fletch
Hey Lars, just checking out these schematics, got a working crossfader. On the summing amplifier, I'm just wondering what the purpose of the 1k feedback resistors and the 499R resistors on the non-inverting input are. I'm assuming the input op-amps act as a simple buffer stage?

thanks!
lizlarsen
Quote:
On the summing amplifier, I'm just wondering what the purpose of the 1k feedback resistors and the 499R resistors on the non-inverting input are. I'm assuming the input op-amps act as a simple buffer stage?


Yes, IC1 & IC2 buffer the signals before mixing. You could probably just put them on the top of the 10K pots instead in this case, but buffering is definitely best practice to prevent extra loading attenuation.

The 499R input R on the non-inverting input and 1K feedback resistor are best practice for these op-amps (LM6172). The circuit is identical to removing those, in the case you were using TL072 op-amps.

The bandwidth of this module should be more than sufficient, but if you wanted to push it a little more, you could use 1K pots and resistors instead of every 10K value in this schematic. In that case, the input buffers would definitely be necessary.
neon
Thanks for posting these! I've been trying to kludge my way through DIY video electronics projects for a while now, and have been struggling with the relative scarcity of schematics in comparison to audio synth DIY. This info is really helpful.
Eli
Awesome! Thanks Lars. Going for it...
will post results here.
salik
where are the schematics for this? I don't see them in the thread?

EDIT: nvm! sorry, go about your day.
raveboyy
lizlarsen wrote:
And one more, while I'm at it. Here's a simple wide bandwidth summing mixer with 4 inputs (one of them is inverted.)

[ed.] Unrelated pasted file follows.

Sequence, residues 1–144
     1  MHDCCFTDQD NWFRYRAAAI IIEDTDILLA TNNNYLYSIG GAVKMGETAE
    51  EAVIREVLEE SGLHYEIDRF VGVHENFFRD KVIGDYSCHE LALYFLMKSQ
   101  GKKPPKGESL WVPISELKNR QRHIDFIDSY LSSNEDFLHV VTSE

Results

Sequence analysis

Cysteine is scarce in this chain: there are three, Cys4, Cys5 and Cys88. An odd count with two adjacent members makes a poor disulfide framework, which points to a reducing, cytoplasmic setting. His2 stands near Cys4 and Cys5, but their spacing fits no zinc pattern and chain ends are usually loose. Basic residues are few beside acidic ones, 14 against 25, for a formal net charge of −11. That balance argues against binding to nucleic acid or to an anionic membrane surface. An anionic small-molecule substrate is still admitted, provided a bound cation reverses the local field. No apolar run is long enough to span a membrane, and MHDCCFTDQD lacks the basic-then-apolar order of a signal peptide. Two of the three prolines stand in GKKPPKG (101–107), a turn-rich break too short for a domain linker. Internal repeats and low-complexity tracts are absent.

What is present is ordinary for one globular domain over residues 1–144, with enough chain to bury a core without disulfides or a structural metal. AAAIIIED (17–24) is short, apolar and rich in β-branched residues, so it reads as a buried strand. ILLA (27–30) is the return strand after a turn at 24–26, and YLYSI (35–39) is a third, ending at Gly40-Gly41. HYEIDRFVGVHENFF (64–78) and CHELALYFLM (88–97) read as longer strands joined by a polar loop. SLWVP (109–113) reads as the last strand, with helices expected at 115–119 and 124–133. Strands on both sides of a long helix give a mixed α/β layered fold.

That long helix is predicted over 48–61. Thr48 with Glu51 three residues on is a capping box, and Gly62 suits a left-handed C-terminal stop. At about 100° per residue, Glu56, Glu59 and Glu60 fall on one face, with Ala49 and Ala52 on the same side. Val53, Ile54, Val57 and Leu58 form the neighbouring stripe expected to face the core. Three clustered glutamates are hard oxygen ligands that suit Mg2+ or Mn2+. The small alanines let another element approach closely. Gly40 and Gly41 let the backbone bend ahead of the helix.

Dead simple, but this demonstrates the building blocks of how we approach something simple like a summing op-amp circuit in the LZX modules in terms of the buffered inputs, chips used, resistor values, I/O termination, etc. So hopefully it serves as a gateway to adapting other DIY synth circuits for this purpose.

Hint: With two of these mixers, and the outputs connected to the CV crossfader circuit posted above, you could make a clone of the Sandin Adder/Multiplier module.


Dear Lars,

would you provide a PCB print and partslist for this please ?smile
Jonas Bers
BRIZ wrote:
... asked Lars what the hell the F1 & F2 on the schematic was ...


Do "F1 & F2" on the schematic refer to a fuse?
daverj
Jonas Bers wrote:
BRIZ wrote:
... asked Lars what the hell the F1 & F2 on the schematic was ...


Do "F1 & F2" on the schematic refer to a fuse?


I would guess they are ferrites. (though usually ferrites on a schematic are given "L" numbers like inductors, while "F" is used for fuses)
Jonas Bers
Ahh, that makes sense. Thanks!!
04tm34l3
Hey Liz thanks for posting these. Real interested in making some of these.

Just a few questions. Numbers correspond to points on attached schematic.

1. Not sure what this is, does this mean 1/8 jack, shield to ground and the input to the 100k?

2. Whats 100R is that a 100 ohm resistor.

3. Whats F1 and F2

siiiiiiiiiiiickkk screaming goo yo screaming goo yo screaming goo yo screaming goo yo